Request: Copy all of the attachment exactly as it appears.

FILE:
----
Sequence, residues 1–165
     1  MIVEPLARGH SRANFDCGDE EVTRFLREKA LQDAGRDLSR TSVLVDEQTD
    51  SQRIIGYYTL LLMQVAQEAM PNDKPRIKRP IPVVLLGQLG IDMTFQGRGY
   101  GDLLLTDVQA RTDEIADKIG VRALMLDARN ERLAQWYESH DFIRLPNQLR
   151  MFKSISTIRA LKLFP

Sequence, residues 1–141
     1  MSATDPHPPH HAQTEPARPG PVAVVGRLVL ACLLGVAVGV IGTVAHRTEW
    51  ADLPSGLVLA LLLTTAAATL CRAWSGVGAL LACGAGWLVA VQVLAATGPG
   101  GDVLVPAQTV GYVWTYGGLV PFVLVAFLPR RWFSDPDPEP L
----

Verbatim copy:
Sequence, residues 1–165
     1  MIVEPLARGH SRANFDCGDE EVTRFLREKA LQDAGRDLSR TSVLVDEQTD
    51  SQRIIGYYTL LLMQVAQEAM PNDKPRIKRP IPVVLLGQLG IDMTFQGRGY
   101  GDLLLTDVQA RTDEIADKIG VRALMLDARN ERLAQWYESH DFIRLPNQLR
   151  MFKSISTIRA LKLFP

Sequence, residues 1–141
     1  MSATDPHPPH HAQTEPARPG PVAVVGRLVL ACLLGVAVGV IGTVAHRTEW
    51  ADLPSGLVLA LLLTTAAATL CRAWSGVGAL LACGAGWLVA VQVLAATGPG
   101  GDVLVPAQTV GYVWTYGGLV PFVLVAFLPR RWFSDPDPEP L